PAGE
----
There may still be some VHS tapes floating around out there. I know I have a few dozen Disney movies on VHS, but when was the last time you saw a Beta tape? Back in the day, we went to our local video store and could choose to rent either VHS or Beta tapes. There was no Redbox or Netflix, and of course, we couldn't watch movies on our computers because we didn't have computers! image: morguefile
    Until I was in high school and got my own phone, I had to use the family phone which hung in the kitchen. If I wanted to have a private conversation, I needed to stretch the cord to its absolute limits to shut myself in the bathroom (the acoustics were fabulous, btw). I wonder how many kids today would be able to figure out how to dial a rotary phone? And this was before Call Waiting and Caller ID, of course, so there was a time limit for my conversations. image: nate steiner's flickr stream
  • PAY PHONES 11 of 20
    When you were thoroughly done window shopping (aka: stalking cute boys) at the mall and you needed your parents to come pick you up, you didn't send them a text asking, "Can U get me?" Nope. You found a payphone, used a quarter, and called them to come get you. AND... there were a bazillion germs on the phone and no hand sanitizer! Gasp! How ever did we survive? image: morguefile
    Before Voicemail, we had answering machines. They came with these little cassette tapes on which you could record your greeting. There was no Caller ID either. Nope, we had to actually answer the phone to know who was calling. It was a game of Russian Roulette: it might be your best friend asking you to go to the movies or it might be the creepy boy who had a crush on you. image: daramdam's flickr stream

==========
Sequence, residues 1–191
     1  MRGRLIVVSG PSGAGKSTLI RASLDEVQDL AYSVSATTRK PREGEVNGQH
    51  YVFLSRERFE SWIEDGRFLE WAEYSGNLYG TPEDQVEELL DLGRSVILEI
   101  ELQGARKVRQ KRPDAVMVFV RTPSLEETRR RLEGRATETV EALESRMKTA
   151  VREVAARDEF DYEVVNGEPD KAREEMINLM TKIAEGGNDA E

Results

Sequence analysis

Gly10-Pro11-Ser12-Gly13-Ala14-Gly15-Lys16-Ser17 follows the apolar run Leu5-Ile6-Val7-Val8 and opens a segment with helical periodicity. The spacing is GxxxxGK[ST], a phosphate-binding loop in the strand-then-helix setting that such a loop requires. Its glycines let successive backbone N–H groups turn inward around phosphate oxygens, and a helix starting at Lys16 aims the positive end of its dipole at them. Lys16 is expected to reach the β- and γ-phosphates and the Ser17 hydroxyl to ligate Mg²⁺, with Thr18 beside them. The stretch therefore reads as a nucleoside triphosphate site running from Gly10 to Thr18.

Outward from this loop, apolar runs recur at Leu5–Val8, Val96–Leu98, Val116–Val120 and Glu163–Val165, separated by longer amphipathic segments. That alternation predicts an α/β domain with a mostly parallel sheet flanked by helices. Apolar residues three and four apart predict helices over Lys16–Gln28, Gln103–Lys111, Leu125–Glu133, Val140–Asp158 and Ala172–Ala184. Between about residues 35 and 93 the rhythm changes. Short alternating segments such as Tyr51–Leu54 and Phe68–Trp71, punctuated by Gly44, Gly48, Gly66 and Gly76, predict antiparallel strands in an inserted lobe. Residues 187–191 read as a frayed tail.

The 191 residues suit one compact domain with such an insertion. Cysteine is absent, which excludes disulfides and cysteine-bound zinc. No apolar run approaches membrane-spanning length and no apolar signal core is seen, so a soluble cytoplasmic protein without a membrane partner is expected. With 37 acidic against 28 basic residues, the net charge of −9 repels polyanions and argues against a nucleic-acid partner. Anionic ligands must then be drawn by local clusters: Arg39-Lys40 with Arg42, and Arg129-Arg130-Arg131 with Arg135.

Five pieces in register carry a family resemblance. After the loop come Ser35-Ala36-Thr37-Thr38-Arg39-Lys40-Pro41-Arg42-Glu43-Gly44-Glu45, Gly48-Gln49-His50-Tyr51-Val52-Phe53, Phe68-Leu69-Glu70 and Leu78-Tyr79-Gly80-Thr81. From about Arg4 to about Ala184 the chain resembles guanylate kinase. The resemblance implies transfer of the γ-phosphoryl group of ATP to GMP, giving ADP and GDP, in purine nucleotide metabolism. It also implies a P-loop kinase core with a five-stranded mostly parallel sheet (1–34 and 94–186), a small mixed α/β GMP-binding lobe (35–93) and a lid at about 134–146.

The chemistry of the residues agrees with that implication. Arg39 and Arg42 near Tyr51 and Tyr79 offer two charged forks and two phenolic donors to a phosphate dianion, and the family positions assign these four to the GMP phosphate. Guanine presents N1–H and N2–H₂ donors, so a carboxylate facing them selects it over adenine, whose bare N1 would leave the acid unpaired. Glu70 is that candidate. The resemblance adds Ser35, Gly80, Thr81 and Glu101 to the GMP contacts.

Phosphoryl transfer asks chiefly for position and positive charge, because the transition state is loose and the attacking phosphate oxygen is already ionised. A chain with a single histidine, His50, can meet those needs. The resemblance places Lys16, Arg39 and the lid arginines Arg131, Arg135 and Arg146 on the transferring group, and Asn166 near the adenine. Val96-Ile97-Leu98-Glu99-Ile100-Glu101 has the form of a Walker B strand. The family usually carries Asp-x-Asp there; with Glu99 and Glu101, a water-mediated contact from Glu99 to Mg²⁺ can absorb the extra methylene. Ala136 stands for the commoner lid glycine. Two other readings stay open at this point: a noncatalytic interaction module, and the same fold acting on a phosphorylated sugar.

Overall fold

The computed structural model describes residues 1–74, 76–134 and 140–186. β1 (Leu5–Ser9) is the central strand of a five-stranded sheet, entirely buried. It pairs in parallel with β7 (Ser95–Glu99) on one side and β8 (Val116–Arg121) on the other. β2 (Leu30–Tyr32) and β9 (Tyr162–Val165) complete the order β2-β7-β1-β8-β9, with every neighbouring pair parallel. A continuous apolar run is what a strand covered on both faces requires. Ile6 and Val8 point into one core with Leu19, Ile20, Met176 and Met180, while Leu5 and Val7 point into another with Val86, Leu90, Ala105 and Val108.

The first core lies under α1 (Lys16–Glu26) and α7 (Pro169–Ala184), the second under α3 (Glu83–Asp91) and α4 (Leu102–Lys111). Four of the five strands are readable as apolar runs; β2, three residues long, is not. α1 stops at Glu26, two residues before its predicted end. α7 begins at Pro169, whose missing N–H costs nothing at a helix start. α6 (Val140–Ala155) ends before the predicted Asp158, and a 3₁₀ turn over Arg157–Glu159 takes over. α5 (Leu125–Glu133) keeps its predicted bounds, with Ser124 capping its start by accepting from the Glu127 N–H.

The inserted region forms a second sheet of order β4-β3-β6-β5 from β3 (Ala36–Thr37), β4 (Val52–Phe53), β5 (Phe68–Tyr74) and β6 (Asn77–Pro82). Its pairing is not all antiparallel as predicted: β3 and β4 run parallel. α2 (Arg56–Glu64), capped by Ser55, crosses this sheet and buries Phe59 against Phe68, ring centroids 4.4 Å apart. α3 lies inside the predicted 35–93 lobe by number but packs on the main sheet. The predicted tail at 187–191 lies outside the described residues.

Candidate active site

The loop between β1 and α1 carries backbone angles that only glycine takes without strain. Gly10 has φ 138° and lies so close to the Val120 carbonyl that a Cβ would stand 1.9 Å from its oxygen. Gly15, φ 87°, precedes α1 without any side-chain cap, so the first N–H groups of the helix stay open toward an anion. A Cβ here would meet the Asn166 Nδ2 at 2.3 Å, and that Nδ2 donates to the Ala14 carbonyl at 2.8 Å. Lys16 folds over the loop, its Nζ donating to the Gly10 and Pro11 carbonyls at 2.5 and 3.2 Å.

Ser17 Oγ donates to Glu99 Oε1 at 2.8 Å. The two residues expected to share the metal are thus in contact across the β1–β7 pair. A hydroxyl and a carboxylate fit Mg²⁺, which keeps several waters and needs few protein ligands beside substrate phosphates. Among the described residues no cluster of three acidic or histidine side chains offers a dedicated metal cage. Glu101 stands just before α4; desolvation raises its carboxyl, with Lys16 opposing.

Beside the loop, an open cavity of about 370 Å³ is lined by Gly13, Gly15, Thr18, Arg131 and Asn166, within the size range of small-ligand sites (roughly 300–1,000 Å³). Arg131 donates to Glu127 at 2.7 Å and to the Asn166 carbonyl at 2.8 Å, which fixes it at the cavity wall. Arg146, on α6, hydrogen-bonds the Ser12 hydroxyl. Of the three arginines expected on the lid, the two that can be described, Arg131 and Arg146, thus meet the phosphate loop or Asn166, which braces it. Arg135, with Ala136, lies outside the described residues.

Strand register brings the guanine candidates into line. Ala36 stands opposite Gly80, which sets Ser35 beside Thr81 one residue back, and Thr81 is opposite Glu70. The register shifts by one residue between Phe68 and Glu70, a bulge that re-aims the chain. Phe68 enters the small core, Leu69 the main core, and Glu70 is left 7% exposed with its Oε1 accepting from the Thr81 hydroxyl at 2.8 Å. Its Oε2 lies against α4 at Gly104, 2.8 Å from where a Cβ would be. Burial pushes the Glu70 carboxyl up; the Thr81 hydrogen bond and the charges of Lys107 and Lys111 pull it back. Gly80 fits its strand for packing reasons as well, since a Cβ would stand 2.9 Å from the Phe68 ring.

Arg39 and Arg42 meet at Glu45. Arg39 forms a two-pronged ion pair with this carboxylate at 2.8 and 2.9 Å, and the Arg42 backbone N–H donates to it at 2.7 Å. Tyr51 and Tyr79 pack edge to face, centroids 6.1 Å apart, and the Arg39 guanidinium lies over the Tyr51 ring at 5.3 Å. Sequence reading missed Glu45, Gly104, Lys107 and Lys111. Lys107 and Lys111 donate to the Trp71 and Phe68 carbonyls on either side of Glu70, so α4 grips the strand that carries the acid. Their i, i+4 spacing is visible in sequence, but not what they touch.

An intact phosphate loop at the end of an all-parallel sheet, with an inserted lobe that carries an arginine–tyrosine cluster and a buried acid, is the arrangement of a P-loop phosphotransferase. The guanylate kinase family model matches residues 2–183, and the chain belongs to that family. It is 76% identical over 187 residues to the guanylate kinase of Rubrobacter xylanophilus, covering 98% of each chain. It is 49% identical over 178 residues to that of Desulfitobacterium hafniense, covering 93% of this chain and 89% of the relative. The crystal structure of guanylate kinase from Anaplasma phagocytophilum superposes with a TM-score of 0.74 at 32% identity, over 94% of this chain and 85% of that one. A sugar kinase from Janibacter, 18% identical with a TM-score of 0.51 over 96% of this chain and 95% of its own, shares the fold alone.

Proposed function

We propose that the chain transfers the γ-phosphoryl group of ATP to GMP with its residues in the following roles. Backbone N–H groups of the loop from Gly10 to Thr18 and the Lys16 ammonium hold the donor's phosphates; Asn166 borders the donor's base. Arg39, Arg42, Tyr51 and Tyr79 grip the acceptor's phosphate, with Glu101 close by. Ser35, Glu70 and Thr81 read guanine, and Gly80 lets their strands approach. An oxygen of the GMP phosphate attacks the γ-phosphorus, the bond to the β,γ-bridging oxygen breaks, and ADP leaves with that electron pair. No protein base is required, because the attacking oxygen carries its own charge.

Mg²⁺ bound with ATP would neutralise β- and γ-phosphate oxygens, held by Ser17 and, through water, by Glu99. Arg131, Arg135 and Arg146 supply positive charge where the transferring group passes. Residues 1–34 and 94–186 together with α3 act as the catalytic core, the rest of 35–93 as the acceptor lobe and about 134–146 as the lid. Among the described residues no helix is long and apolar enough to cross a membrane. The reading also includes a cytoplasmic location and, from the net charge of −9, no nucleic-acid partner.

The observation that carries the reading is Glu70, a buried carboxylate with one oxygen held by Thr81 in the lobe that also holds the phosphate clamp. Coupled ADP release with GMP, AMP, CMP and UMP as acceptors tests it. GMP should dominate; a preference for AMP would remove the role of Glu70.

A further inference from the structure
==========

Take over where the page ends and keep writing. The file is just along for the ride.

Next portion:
• PAGER 13 of 20
    Back when the only people who had mobile phones (which were as big as a shoebox and came in a bag) were doctors and crazy-rich people, the common man had the beeper. For you younguns, the beeper worked like this: you called the phone number of the beeper. It beeped and displayed your phone number. The person with the beeper found a pay phone and called you back. Voila! Instant-ish communication! image: morguefile
  • MERLIN 14 of 20
    Okay, so maybe we didn't have Gameboys, Nintendo DSs, or PSPs. But we DID have Merlin, the electronic wizard! This was the handheld electronic game of my day and it played SIX whole exciting games like TicTacToe and Echo! This was high-tech stuff, boy! image: enokson's flickr stream